Wednesday, March 27, 2013

A Day at Design Miami: My UShadow Experience

Written By: Kathryn Hornbeck

When I learned who my UShadow host was, I did what any curious mind would do and Googled the man, Brandon Grom, and the company, Design Miami. The former was easy to understand – he was a recent UMiami graduate with a business degree who worked a series of odd jobs before becoming an exhibit coordinator at Design Miami. The latter, however, flummoxed me. The website was incomprehensible, and for the life of me I could not figure out what it was they actually did.

Not wanting to sound silly for not understanding his company’s purpose, I readily admit that I went to the office, located in the beautiful Design District, during spring break, without a clue as to precisely what it was he did.

The office was no ordinary office; it was essentially a furniture art museum that was spacious and slightly surreal. Brandon cheerfully greeted me and we began to tour the space. Naturally, the first thing he asked me was if I had researched the company – I had, but I was still lost on what it was they did, and said as much.

I learned Design Miami coordinates two major interior design festivals a year, one in Miami and one in Basel, Switzerland. Galleries set up exhibits in the festivals to show off their couture furniture – it is, essentially, IKEA on steroids. Brandon works with each of these galleries to help them with logistics, dates, times, invitations, etc.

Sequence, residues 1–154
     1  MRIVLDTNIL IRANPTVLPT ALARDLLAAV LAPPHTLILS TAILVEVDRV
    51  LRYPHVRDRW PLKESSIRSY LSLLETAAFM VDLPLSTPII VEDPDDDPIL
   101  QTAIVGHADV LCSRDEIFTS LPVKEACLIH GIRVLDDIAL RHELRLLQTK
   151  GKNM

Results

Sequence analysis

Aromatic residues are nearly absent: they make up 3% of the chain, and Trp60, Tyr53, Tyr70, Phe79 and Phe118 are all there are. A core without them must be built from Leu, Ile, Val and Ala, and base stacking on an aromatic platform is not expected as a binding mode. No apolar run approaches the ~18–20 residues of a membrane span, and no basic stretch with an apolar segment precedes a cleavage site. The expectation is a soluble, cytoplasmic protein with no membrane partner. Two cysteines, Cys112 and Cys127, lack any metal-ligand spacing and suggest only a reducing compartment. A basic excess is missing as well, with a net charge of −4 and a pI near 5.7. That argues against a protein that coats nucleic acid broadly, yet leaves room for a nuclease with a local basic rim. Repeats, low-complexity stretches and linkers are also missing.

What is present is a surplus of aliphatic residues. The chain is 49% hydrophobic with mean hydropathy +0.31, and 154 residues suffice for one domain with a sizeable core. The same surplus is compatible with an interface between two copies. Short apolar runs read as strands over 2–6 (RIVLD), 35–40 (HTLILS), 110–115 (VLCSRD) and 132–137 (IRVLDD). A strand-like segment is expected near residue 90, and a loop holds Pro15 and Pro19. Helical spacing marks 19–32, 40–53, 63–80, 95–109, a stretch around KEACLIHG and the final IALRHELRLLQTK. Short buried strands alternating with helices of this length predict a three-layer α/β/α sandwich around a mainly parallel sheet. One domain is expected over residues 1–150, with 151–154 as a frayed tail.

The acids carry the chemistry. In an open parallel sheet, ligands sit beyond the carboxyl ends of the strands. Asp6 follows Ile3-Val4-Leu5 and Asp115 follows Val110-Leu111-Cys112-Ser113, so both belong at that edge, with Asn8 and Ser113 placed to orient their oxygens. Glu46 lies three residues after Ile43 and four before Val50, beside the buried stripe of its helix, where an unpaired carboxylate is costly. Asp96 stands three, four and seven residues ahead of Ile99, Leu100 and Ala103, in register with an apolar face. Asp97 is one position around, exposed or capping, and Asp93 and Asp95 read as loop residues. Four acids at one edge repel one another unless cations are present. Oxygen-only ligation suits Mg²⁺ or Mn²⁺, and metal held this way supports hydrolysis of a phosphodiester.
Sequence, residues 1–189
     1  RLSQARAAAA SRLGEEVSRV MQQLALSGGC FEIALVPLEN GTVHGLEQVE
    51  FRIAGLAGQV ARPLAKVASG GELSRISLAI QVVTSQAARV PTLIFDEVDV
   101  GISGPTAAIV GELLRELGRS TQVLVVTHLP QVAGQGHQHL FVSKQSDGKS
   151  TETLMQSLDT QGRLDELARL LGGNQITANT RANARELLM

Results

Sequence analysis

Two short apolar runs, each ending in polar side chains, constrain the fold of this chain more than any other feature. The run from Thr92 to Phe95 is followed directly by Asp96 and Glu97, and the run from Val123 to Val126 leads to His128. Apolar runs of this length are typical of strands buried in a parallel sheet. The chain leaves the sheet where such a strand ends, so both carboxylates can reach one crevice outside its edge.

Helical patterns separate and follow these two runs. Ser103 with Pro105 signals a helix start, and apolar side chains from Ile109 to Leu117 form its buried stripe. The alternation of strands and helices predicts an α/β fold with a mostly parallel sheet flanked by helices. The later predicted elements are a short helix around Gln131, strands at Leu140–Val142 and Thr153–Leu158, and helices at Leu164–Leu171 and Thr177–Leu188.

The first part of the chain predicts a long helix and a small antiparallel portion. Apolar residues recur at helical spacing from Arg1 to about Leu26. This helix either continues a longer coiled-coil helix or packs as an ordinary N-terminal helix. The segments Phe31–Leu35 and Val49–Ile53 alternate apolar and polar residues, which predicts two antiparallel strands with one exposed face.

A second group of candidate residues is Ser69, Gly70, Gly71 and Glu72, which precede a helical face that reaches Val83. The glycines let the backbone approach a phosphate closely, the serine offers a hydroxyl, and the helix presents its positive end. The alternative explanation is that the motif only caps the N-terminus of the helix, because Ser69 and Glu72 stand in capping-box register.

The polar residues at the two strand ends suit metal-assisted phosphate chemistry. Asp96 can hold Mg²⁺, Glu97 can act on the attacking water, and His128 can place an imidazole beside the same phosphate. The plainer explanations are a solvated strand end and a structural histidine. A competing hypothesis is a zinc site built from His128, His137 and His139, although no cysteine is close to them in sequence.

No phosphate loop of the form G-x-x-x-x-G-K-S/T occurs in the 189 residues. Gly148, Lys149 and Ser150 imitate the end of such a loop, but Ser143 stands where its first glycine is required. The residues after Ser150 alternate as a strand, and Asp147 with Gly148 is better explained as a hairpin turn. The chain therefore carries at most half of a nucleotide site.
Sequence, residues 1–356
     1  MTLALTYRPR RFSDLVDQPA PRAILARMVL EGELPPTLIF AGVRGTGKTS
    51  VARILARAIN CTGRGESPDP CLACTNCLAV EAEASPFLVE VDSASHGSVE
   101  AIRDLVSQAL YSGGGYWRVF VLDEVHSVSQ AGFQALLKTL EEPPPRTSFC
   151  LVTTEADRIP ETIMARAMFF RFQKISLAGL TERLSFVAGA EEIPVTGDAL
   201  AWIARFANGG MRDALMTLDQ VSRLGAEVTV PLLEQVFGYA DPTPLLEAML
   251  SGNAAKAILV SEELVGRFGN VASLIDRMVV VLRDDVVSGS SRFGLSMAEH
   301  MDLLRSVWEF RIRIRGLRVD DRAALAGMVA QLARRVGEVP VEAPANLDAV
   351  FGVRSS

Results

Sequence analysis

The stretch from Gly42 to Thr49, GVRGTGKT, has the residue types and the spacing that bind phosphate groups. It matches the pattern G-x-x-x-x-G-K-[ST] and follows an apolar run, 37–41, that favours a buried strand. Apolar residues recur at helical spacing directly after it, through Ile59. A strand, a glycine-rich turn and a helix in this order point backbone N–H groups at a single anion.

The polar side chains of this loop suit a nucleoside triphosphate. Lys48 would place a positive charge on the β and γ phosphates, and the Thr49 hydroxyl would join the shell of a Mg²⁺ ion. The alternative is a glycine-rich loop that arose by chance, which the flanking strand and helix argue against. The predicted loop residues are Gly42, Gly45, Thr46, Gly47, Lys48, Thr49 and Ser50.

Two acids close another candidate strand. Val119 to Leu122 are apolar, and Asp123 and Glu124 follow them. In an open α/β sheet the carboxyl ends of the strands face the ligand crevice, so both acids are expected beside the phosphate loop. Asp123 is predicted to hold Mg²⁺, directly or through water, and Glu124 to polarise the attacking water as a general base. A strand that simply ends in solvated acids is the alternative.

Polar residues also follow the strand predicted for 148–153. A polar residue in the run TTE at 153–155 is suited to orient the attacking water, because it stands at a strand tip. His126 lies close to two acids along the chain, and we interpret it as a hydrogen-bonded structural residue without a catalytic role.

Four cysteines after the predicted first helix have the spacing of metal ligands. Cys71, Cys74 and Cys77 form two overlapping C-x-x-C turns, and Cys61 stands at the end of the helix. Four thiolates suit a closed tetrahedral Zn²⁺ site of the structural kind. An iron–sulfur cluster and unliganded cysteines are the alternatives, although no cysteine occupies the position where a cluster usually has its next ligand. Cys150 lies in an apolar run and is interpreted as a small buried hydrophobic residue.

We moved on to the informational interview, which was a casual two-way conversation about each other and our respective academics, extra-curriculars, and goals for the future. Brandon was living proof that you never know where you are going to end up – he had never even taken an art course before working for Design Miami, yet there he was, working with some of the biggest names in the design business on a day-to-day basis.

Due to my interest in graphic design, I was able to sit in on a website design meeting between the company’s website programmers and content editors. Twenty minutes was enough for me to decide that it was not something I would consider doing for a living; if I hadn’t attended that meeting, I would not have realized it wasn’t the job for me, so I’m thankful I did!

I stayed at Design Miami until 3 p.m. and was able to speak with marketing coordinators and budget analysts, learn about some software specific to Brandon’s field of work, and take a tour of the Design District.